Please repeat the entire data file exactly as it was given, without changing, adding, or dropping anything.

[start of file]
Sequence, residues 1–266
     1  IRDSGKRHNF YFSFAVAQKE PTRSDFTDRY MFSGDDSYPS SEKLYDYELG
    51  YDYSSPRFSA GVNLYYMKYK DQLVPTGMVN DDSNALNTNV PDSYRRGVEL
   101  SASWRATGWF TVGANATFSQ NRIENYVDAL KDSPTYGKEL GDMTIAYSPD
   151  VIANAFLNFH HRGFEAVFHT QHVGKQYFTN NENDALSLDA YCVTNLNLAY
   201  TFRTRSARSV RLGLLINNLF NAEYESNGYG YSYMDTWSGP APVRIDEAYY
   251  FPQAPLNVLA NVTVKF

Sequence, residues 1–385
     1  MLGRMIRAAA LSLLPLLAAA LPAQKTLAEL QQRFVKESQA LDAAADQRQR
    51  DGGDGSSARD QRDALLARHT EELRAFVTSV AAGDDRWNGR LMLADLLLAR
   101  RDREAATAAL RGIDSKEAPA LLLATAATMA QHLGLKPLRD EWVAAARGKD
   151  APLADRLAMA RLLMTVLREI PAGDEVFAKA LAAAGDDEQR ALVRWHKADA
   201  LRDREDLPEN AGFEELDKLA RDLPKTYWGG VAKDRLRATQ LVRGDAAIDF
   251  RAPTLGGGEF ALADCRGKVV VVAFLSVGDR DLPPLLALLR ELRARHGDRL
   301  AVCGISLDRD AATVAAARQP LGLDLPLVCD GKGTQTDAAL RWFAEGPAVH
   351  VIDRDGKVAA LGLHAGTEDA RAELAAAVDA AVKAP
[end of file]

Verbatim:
Sequence, residues 1–266
     1  IRDSGKRHNF YFSFAVAQKE PTRSDFTDRY MFSGDDSYPS SEKLYDYELG
    51  YDYSSPRFSA GVNLYYMKYK DQLVPTGMVN DDSNALNTNV PDSYRRGVEL
   101  SASWRATGWF TVGANATFSQ NRIENYVDAL KDSPTYGKEL GDMTIAYSPD
   151  VIANAFLNFH HRGFEAVFHT QHVGKQYFTN NENDALSLDA YCVTNLNLAY
   201  TFRTRSARSV RLGLLINNLF NAEYESNGYG YSYMDTWSGP APVRIDEAYY
   251  FPQAPLNVLA NVTVKF

Sequence, residues 1–385
     1  MLGRMIRAAA LSLLPLLAAA LPAQKTLAEL QQRFVKESQA LDAAADQRQR
    51  DGGDGSSARD QRDALLARHT EELRAFVTSV AAGDDRWNGR LMLADLLLAR
   101  RDREAATAAL RGIDSKEAPA LLLATAATMA QHLGLKPLRD EWVAAARGKD
   151  APLADRLAMA RLLMTVLREI PAGDEVFAKA LAAAGDDEQR ALVRWHKADA
   201  LRDREDLPEN AGFEELDKLA RDLPKTYWGG VAKDRLRATQ LVRGDAAIDF
   251  RAPTLGGGEF ALADCRGKVV VVAFLSVGDR DLPPLLALLR ELRARHGDRL
   301  AVCGISLDRD AATVAAARQP LGLDLPLVCD GKGTQTDAAL RWFAEGPAVH
   351  VIDRDGKVAA LGLHAGTEDA RAELAAAVDA AVKAP